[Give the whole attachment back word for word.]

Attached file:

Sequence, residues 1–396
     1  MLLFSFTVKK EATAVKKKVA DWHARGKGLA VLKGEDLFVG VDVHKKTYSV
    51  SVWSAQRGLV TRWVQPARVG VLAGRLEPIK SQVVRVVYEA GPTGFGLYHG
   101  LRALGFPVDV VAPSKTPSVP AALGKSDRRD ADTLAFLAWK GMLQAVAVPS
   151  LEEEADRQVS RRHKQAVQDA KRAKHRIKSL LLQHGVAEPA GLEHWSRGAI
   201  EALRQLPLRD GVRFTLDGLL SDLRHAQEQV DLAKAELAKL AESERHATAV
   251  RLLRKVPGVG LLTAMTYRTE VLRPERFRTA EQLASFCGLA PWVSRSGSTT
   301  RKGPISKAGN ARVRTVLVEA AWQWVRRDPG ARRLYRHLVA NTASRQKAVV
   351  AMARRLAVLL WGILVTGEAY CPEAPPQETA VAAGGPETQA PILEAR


Sequence, residues 1–396
     1  MLLFSFTVKK EATAVKKKVA DWHARGKGLA VLKGEDLFVG VDVHKKTYSV
    51  SVWSAQRGLV TRWVQPARVG VLAGRLEPIK SQVVRVVYEA GPTGFGLYHG
   101  LRALGFPVDV VAPSKTPSVP AALGKSDRRD ADTLAFLAWK GMLQAVAVPS
   151  LEEEADRQVS RRHKQAVQDA KRAKHRIKSL LLQHGVAEPA GLEHWSRGAI
   201  EALRQLPLRD GVRFTLDGLL SDLRHAQEQV DLAKAELAKL AESERHATAV
   251  RLLRKVPGVG LLTAMTYRTE VLRPERFRTA EQLASFCGLA PWVSRSGSTT
   301  RKGPISKAGN ARVRTVLVEA AWQWVRRDPG ARRLYRHLVA NTASRQKAVV
   351  AMARRLAVLL WGILVTGEAY CPEAPPQETA VAAGGPETQA PILEAR